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From Henry Saputra <henry.sapu...@gmail.com>
Subject Re: Community & Committing rules
Date Fri, 05 Sep 2014 16:58:27 GMT
+1 for commits small changes directly, which is the perk of being
committers of open source project.

However, as many people had mentioned, when the changes are none
trivial or requires modification of existing behavior then a pull
request and reviews should be requested to get extra pairs of eyes.

And when it is a new feature or major changes, such as rewrite RPC
flows, then hopefully consensus of plan could achieve via discussions
in dev@ list and with opening JIRA ticket to track the effort.
VOTE should be done when consensus is hard to get and changes are
needed for greater good.

Having official commit rules are like having project bylaws.
I don't think we need bylaws of committing changes at this point,
because it would cause confusion and many existing Apache projects did
not get it right with formal bylaws.

- Henry

On Fri, Sep 5, 2014 at 3:50 AM, Stephan Ewen <sewen@apache.org> wrote:
> Hi!
> I think part of the discussion that arose around the proposed Java/Scala
> and RPC/Akka changes comes from the fact that we have not clearly written
> down the community/committing rules anywhere yet. In particular, how do we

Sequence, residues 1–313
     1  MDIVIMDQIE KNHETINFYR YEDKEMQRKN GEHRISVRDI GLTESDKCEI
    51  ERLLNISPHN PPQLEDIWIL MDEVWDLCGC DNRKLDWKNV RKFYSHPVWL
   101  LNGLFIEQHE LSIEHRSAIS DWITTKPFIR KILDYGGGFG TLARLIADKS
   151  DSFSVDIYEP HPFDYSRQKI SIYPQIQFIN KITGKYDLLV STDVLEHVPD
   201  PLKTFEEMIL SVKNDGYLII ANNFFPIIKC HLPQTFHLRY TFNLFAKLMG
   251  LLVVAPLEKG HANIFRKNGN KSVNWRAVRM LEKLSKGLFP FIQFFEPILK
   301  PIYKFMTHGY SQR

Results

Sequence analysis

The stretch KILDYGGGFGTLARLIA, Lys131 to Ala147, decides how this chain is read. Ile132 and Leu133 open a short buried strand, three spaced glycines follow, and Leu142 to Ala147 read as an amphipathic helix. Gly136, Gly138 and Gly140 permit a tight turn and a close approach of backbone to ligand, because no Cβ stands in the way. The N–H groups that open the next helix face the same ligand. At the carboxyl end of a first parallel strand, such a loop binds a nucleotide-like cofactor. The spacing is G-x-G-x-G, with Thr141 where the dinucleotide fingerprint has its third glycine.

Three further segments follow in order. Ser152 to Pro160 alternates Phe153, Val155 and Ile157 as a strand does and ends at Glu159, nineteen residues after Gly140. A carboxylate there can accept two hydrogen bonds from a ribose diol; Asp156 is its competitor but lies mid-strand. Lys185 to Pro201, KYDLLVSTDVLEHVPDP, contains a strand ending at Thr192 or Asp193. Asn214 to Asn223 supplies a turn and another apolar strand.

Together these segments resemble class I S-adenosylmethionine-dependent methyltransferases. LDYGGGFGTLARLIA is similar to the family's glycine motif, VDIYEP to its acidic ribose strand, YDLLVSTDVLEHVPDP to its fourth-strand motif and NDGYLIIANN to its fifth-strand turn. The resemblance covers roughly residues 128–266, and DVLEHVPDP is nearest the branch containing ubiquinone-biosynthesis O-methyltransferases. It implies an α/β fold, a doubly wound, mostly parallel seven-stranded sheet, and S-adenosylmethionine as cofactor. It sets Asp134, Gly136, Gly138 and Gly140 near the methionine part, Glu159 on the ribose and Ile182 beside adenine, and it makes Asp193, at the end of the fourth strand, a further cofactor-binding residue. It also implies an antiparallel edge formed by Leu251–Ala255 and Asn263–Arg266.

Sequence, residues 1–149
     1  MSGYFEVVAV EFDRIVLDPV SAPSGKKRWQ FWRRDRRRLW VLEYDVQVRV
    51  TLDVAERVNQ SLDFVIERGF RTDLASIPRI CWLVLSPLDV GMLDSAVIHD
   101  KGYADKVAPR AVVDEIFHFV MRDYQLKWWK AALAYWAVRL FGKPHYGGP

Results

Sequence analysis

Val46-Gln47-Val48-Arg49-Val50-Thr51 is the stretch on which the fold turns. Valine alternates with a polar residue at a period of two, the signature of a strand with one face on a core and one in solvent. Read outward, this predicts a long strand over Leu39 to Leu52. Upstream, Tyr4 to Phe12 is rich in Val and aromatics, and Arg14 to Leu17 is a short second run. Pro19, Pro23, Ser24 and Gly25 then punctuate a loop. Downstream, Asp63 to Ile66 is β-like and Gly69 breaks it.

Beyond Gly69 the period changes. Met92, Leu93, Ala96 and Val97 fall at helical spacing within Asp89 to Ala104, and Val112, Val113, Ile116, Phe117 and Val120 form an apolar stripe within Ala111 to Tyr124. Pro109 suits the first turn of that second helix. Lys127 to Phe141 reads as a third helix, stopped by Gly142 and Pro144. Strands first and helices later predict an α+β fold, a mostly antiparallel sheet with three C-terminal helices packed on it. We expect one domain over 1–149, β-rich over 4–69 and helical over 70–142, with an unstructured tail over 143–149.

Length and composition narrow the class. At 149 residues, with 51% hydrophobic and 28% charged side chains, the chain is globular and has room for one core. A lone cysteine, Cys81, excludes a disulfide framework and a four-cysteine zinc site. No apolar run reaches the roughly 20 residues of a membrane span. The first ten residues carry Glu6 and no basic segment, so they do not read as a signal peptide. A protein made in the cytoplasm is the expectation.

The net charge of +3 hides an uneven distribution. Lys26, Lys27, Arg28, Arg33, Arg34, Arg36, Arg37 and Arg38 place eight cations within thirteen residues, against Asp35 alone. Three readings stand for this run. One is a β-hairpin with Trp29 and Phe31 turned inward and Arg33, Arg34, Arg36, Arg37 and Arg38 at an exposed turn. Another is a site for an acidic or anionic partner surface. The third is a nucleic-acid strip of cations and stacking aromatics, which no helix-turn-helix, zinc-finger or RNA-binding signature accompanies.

> treat proposed major changes.
> Most of us (including me) worked under the assumption that committers can
> commit small fixes immediately, and those can be vetoed (reverted) in
> hind-sight by others (has not yet happened, though).
> Anything that has impact on other people goes through pull requests, and is
> then discussed upon, revised, or rejected. This seems to be the model that
> many other Apache projects use (like Mahout for example, Sebastian, correct
> my if I am wrong there).
> That has seemed to work so far, and in that sense, the use of Akka for
> example is still a proposal only.
> For major refactorings like the RPC/Actor one, it makes sense to try and
> reach consensus before the implementation effort, because it is too much
> work to do it without knowing that it will be accepted. This may be a vote,
> but I would prefer it to be rather lightweight, like dropping a mail on the
> dev list, giving people an early chance to voice concerns.
> Does it make sense to write these simple rules down somewhere (wiki?), so
> that it is transparent?
> Stephan

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